|Worth seeing:||for Tamara Lawrance's warm but firm turn as a baby killer you can empathise with|
|Featuring:||Bella Ramsey, Jodie Whittaker, Tamara Lawrance, Alicia Forde, Brody Griffiths, Conor McCarry, Danielle Henry, Isaac Lancel-Watkinson, Jackie Jones, James Corrigan, Julie Graham, Karen Henthorn, Kayla Meikle, Lisa Millett, Louise Lee, Matilda Firth, Nicholas Nunn, Siobhan Finneran, Sophie Willan|
|Key crew:||Andrea Harkin, Carmel Maloney, Mark Hedges, Helen Black, Jimmy McGovern|
|Channel:||BBC iPlayer, BBC1|
|Broadcast date:||29th October 2023|
WHAT’S IT ABOUT?
Orla (Jodie Whittaker) is a single mother, struggling to juggle a job with caring for her three children and her alcoholic mother. In a fit of desperation, she fiddles with her electricity meter and gets caught – ending up in jail.
There, she meets small-time drugs offender Kelsey (Bella Ramsey) and Abi (Tamara Lawrance), who’s serving life for the murder of her baby.
Enemies are made and alliances are formed as women try to keep their heads above water behind bars.
WHAT’S IT LIKE?
Writer Jimmy McGovern has followed up his shocking study of life inside a men’s prison – in season one of Time – with this visit to a women’s facility.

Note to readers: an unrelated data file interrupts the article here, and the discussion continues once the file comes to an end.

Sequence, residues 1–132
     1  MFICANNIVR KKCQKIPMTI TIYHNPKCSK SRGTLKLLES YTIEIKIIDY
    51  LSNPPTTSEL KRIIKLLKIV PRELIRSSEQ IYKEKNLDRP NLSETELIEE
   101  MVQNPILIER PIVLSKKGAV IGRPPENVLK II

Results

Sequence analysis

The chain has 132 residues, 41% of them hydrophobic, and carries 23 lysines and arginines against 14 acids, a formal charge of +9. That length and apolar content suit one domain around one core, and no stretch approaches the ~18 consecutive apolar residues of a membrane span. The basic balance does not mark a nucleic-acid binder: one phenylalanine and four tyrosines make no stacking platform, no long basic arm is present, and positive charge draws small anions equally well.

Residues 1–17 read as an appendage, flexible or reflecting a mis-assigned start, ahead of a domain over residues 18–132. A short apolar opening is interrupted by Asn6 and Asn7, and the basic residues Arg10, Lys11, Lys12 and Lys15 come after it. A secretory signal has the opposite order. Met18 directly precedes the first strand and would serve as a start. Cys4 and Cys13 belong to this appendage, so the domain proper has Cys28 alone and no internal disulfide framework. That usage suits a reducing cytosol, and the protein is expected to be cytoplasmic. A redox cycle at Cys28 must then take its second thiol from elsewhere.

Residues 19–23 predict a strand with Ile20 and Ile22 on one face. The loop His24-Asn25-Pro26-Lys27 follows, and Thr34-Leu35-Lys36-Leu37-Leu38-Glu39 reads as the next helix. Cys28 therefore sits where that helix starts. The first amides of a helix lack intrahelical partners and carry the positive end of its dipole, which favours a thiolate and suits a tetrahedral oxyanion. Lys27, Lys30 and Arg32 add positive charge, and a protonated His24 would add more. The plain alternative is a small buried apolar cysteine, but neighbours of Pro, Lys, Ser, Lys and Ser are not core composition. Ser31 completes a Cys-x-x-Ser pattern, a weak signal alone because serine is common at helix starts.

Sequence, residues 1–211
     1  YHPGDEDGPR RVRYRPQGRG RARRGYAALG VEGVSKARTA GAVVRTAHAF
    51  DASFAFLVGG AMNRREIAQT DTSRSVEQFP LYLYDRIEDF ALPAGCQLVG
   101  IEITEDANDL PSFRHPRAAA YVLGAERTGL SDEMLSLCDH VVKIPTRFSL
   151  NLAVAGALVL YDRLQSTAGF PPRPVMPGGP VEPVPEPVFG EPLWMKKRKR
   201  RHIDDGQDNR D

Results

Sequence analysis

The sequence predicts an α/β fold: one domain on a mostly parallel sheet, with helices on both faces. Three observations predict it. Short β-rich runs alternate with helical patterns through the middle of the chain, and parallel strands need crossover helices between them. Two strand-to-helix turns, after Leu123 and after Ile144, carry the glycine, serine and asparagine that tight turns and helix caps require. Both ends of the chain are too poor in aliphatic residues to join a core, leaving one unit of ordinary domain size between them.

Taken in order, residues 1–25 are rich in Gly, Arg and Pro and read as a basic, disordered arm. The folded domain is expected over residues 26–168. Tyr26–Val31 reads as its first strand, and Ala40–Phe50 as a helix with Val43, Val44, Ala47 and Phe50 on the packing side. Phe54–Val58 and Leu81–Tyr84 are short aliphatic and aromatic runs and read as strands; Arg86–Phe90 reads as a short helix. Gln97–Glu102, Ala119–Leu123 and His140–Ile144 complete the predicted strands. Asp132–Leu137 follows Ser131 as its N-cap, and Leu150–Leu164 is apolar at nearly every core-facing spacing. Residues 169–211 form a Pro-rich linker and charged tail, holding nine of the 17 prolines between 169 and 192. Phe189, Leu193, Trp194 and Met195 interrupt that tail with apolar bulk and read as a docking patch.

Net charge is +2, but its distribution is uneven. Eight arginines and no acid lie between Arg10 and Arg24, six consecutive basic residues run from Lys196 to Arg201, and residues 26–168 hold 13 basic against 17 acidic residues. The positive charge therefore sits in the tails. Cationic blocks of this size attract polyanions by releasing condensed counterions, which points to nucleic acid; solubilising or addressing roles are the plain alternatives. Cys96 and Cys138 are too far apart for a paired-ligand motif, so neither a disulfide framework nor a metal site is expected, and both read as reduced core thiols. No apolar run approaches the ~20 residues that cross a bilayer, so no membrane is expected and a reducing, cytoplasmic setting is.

In the case of Jodie Whittaker’s Orla, he shows us how an otherwise good person can do something stupid that gets them on the wrong side of the law, with the knock-on consequences that can have.
Bella Ramsey’s Kelsey brings the issues of gang and drug culture to the fore, while Tamara Lawrance’s Abi demonstrates the futility of life as a lifer.
But somehow, many of the obstacles thrown at these three seem a little forced and unlikely – a high risk prisoner in a relaxed wing, a first-time offender jailed for cheating the electricity meter (it’s acknowledged that this is unusual, but we don’t find out why it was appropriate in her case).
While the first season concentrated on the turmoil of one prisoner and one prison officer, this time the emphasis is on three prisoners, diluting each protagonist’s story, to the extent that the overall narrative is less focused and one of the key characters is almost forgotten by the end of the final episode.
There also seems to be a bit of reductive box-ticking going on here – it’s set in a women’s prison, so obviously, all of the three main story strands relate to motherhood; a single mother losing custody of her children, a woman giving birth behind bars, a woman tormented by her killing of her own baby.
They’re all powerful stories – but not all women – and by extension, not all female prisoners – have their lives dictated by children. There’s more to women that motherhood.
Worse, though, is the fact that while Sean Bean, in Season One, felt like an everyman that anyone could identify with – one stupid mistake puts you behind bars – there’s only really one of these women that you’d want to spend any time with at all. Interestingly, that’s the killer.
Season Two of Time feels a little lazy and convenient, driven by box ticking and narrative short cuts. As such, it doesn’t have as much to say about rehabilitation, recidivism and the justice system more generally as its predecessor. It’s almost as if, on this occasion, Jimmy McGovern might have taken just a little more Time to get it right.